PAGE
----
Spanish Bank Can’t Deflect Claims by Cuba Terror Victims
Jan Wolfe, The Litigation Daily
August 25, 2014
After winning about $3.5 billion in default judgments against the
Republic of Cuba, Fidel Castro’s persecuted political opponents and
their families have cleared a hurdle in their bid to seize frozen Cuban
assets at global banks including Spain’s Banco Bilbao Vizcaya Argentaria
In a ruling issued on Friday, U.S. District Judge Alvin Hellerstein in
Manhattan denied BBVA’s request that he dismiss garnishment litigation
the families brought in an attempt to collect on the judgments in New
York. BBVA’s lawyers at White & Case argued that judgments issued
against Cuba by courts in Florida are void, and that therefore
Hellerstein lacks jurisdiction over the follow-on proceedings. But the
judge disagreed, writing that the Florida rulings are entitled to deference.
U.S. laws require banks to freeze wire transfers in which blacklisted
governments like the Republic of Cuba and the Republic of Iran might
have an interest. Under the Terrorism Risk Insurance Act, those frozen
funds can be used to satisfy the many default judgments obtained by
terrorism victims against the designated governments in U.S. courts.
The garnishment proceedings before Hellerstein relate to three lawsuits
brought by victims or family members of victims that Castro had killed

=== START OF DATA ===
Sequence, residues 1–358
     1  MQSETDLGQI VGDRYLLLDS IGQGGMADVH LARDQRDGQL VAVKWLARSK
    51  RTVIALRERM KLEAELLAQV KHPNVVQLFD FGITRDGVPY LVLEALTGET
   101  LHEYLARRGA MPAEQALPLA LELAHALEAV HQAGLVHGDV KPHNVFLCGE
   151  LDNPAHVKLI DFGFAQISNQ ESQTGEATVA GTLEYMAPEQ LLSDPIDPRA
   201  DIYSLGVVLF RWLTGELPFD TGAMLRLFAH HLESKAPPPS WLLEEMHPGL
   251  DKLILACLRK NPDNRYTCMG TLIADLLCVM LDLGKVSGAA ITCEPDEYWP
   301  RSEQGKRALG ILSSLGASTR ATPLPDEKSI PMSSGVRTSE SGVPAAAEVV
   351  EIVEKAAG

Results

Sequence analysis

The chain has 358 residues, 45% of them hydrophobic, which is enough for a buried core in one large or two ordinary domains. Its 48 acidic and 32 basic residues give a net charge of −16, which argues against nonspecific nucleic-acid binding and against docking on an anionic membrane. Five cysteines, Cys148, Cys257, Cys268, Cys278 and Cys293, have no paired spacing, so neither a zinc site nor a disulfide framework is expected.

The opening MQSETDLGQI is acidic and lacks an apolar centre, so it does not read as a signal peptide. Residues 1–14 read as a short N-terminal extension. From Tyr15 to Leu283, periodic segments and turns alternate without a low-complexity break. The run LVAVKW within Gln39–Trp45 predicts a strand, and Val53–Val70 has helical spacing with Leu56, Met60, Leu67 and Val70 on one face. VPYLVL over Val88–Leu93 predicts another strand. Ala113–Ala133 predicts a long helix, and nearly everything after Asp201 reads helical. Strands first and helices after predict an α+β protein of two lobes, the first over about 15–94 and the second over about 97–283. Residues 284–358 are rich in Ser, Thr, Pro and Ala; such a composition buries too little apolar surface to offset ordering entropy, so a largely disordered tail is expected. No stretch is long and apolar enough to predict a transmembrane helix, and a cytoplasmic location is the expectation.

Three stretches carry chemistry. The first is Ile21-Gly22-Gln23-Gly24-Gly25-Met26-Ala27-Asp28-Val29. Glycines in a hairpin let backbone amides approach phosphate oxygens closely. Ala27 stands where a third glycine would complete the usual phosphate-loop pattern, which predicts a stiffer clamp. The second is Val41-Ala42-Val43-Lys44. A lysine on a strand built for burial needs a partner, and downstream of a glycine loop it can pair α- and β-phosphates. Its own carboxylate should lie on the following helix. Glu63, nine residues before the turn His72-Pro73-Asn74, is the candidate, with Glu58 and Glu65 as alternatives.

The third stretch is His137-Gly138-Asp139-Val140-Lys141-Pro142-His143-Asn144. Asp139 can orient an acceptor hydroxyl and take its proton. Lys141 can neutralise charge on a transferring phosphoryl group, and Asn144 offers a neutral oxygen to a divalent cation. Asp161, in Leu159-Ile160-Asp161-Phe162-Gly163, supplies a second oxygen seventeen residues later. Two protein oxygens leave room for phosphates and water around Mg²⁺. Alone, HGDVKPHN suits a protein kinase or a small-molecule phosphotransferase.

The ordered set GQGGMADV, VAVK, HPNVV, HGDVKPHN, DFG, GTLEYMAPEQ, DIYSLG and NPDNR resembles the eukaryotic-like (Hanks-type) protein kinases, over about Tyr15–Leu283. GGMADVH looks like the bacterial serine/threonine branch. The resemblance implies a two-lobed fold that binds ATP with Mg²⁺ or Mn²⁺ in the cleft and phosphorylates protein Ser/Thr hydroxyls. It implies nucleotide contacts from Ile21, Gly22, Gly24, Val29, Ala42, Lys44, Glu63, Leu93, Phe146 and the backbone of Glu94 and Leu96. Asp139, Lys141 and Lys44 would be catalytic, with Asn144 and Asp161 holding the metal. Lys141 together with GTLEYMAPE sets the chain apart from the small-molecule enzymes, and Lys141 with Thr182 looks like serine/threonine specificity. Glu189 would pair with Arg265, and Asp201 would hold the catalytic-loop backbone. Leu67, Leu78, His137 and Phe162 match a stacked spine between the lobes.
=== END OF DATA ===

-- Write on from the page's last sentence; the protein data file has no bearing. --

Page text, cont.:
or tortured. The plaintiffs won judgments against the Cuban government
in Florida ranging in size from $95 million to $2.7 billion. In all of
the cases, judges heard testimony and determined that they’d had proven
their allegations of torture and extrajudicial killing. The judges also
concluded that the Cuban government can’t invoke sovereign immunity
because it falls under an exception for governments designated as
sponsors of terrorism.
Beginning in 2012, the families brought follow-on litigation in
Manhattan in hopes of enforcing the judgments. They are jointly seeking
to recover funds frozen by 19 financial institutions, including Bank of
America NA and Credit Suisse AG.
Of the banks affected by the turnover proceedings, BBVA was the only one
to bring a motion to dismiss. The bank made the case that the Cuban
government might have put forward if it had appeared in the underlying
litigation—namely, that the government is immune from suit since it
wasn’t designated as a sponsor of terrorism when alleged crimes
occurred. The Cuban government should have been absolved from liability
in the first place, the bank’s lawyers at White & Case argued, putting
the bank assets off limits.
Hellerstein gave no credence to that argument in Friday’s ruling. In his
view, judges in Florida already addressed the issue of sovereign
immunity, and it’s not his place to second-guess them.
“The judgments granted to the plaintiffs by that court were each
supported by appropriate findings of fact and conclusions of law based
on full and fair evidentiary hearings. The judgments are each entitled
to full faith and credit,” the judge wrote.
White & Case partner Kenneth Caruso wasn’t available for comment. We
also couldn’t reach Robert Swift of Kohn, Swift & Graf, who represents
the plaintiffs in the New York litigation along with Jeffrey Glen of
Companies, agencies mentioned: Kohn, Swift & Graf | Terrorism Risk
Insurance | Credit Suisse Group AG | Banco Bilbao Vizcaya Argentaria,
S.A. | Bank of America Corporation
Source: Spanish Bank Can’t Deflect Claims by Cuba Terror Victims |